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Why is $100M in Sports funding worth more than $5B in Indigenous funding?

As the $100M sports grants scandal heads in to its third week, media seem to be finally gearing up to deliver the death blow, with sensationalised hints that the PM’s office was more directly involved than previously thought.

It’s an important story, and on appearances seem to a horrific abuse of power that highlights the levels of brazen misallocation of funds that can occur within the hallowed halls of power in this country.

The excuses have been pathetic, from calls that this money will ensure “that girls didn’t have to change out the back of the shed” even though a club that got money for women’s change rooms doesn’t actually have any female players, and one club that does and ask for the same funding got rejected.

The only notable difference in the ‘merit’ of these applications, apart from one team not actually having any female players, is that the approved grant was in a marginal seat and the rejected grant was in a Labor seat.

However, much of this story seems eerily reminiscent of similar stories last year about the processes and outcomes of the $5,000,000,000 (five billion) Indigenous Advancement Strategy.

It has all the same elements of the sports scandal – PMO involvement (the entire portfolio of Indigenous Affairs was moved into PM&C), not following expected process but still technically ‘not breaking the rules’ (rules that they wrote of course), cash for mates (a company that employed the CLP president, groups that Scullion had connections to, and even Warren Mundine was given $200,000 for a tv show on Sky News).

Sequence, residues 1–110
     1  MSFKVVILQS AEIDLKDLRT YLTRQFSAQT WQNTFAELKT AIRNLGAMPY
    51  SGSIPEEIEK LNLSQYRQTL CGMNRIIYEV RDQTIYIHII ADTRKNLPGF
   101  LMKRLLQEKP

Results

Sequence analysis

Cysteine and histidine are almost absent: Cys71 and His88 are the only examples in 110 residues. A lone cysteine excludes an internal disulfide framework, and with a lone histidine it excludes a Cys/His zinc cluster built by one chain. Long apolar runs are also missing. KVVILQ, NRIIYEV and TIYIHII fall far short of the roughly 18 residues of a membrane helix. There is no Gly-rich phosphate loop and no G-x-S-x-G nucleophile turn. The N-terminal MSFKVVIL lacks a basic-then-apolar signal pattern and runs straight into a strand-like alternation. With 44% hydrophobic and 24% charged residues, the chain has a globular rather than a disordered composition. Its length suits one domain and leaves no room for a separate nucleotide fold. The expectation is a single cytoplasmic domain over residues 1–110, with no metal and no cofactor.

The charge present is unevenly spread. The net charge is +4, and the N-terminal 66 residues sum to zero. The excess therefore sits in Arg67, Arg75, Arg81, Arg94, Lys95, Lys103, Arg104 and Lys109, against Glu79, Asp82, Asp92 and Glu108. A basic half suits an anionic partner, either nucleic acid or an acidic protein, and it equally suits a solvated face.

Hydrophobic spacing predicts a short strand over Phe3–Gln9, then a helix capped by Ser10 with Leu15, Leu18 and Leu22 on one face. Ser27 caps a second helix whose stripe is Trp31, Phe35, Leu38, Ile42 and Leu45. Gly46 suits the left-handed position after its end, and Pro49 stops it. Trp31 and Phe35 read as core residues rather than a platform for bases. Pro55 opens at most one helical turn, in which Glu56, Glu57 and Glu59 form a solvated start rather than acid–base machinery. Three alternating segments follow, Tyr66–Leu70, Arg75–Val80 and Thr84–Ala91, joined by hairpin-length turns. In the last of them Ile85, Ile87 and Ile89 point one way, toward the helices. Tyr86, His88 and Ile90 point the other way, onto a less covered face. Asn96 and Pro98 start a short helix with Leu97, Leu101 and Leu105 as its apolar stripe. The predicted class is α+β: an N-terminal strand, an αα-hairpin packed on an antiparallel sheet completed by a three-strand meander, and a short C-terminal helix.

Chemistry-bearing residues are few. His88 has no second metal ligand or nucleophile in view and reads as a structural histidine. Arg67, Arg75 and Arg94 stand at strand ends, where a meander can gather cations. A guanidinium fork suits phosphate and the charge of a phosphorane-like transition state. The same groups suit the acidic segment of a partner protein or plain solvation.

Where it stands above and beyond the Sports rort story though, is when funds were given to non-Indigenous groups to oppose Native Title, or the large number of organisations who received funding who were non-Indigenous.

That’s the equivalent of finding out that big chunks of the sports funding went to groups who had nothing to do with any sort of sport, and even a few groups who actively oppose sports.

The IAS was created by Abbott in 2014, it consolidated more than 150 programs and cut around $500M from the budget. In true Indigenous Affairs style, it was done as a complete rush job with no planning, preparation, or adequate processes for evaluation or accountability.

In 2019, a National Audit Office audit found that “Five years after the introduction of the IAS, the department is in the early stages of implementing an evaluation framework,”

So why is it that $100,000,000 has captured the anger of Australia in a way that $5,000,000,000 (which is 50x more, by the way) failed to do?

Now, I know what some people are thinking, “but Aboriginal communities are tricky. There’s alcohol and gambling and abuse issues, whereas sports… oh, that’s right. Never mind”

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